1 Timothy 4:13
Until I arrive, give attention to the public reading of scripture, to exhorting, to teaching. (NRSV)
In this letter to Timothy, a protege of Paul, instructions are given for how to sustain the church for the long haul. Paul founded this congregation in Ephesus some years before this letter was written, (in the early 50s AD probably), but as Paul does, he had moved on to spread the good news of Jesus’s teachings in other places. Whether this letter was actually written by Paul or, as many scholars suspect, written by one of Paul’s other protege’s after Paul could no longer write (presumably because he had been executed in Rome already), the fact remains that this is good advice for a fledgling church. It is likewise good advice for an aging church.
Many in our day are discouraged about the dwindling attendance numbers across all denominations of Christianity in America and Western Europe. The demise of the church as we know it has been predicted with mixed reviews. Some anticipate the demise Christianity with glee and others with dismay, but rest assured, faith in Christ will not be diminished. The church’s place of influence in the halls of power may well diminish. Frankly, I think Jesus would be totally OK with that. The halls of power have never been the protectors of faith, only of their own power. That was the complaint Jesus had with the Pharisees. Religion was the tool used by those in the halls of power to protect their own place and influence. It hasn’t changed over the years. And to be fair, yes, there have been sincere people in every age who followed Jesus’s teaching of love for neighbor, self-sacrifice for the cause of peace, and a commitment to good will for all. But there have been way too many who were willing to proof-text Jesus’s message away and use the scriptures—or mis-use the scriptures—to further their own agenda and call it doing God’s will.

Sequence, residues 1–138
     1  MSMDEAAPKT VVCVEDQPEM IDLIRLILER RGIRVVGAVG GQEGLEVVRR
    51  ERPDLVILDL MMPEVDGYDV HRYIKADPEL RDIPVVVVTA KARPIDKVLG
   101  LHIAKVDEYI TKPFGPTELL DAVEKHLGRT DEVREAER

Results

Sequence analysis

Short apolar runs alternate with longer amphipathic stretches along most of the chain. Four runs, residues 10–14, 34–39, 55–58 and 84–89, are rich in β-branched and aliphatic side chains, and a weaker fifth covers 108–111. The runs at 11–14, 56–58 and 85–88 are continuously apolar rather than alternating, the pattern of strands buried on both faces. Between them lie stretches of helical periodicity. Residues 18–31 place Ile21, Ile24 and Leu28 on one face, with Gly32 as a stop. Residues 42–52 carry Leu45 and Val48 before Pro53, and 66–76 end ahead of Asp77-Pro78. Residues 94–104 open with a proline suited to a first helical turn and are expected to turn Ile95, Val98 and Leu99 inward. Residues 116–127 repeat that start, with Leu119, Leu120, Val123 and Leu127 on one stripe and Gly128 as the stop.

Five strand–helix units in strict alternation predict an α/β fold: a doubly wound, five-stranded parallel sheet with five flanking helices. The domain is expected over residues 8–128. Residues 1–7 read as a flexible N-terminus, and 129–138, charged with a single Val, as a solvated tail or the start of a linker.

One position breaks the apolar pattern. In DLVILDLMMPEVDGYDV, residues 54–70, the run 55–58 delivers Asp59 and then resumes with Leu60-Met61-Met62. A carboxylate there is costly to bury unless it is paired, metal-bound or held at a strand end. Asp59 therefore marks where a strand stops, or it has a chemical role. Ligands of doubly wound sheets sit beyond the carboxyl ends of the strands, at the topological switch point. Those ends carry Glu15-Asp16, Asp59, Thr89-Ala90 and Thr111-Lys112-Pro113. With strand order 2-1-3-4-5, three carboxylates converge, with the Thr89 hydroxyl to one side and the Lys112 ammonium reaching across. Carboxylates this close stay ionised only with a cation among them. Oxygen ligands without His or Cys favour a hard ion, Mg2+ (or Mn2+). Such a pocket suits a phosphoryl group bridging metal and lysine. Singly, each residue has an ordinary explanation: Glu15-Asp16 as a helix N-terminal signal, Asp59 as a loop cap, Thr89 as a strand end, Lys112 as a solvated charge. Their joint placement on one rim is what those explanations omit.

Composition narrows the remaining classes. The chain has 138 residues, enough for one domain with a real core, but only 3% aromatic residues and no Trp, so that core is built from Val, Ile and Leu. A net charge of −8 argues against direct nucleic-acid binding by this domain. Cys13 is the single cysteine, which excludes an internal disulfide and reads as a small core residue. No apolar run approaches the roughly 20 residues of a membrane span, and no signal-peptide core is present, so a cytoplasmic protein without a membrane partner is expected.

That is why the advice written in 1 Timothy is so important. The public reading of scripture was the Torah, the psalms and the writings of the prophets. Keeping the teachings of those who have gone before helps the faithful keep their focus. I expect they knew which scriptures were the favorites of Jesus, and they gave them more value than any others. We know which ones the gospel writers record Jesus quoting. That is our only record of Jesus’s favorite passages from the Hebrew Scriptures, but they give us a pretty good overview. Those themes are repeated over and over again, in the gospels, in the letters of Paul and the other writings of the New Testament. The public reading of the lectionary texts of the Old and New Testament in the church today keeps us honest, helps us read the bulk of the scriptures over the course of its three year rotation, resisting the temptation to just preach our favorite passages over and over, propelling us to wrestle with the hard texts.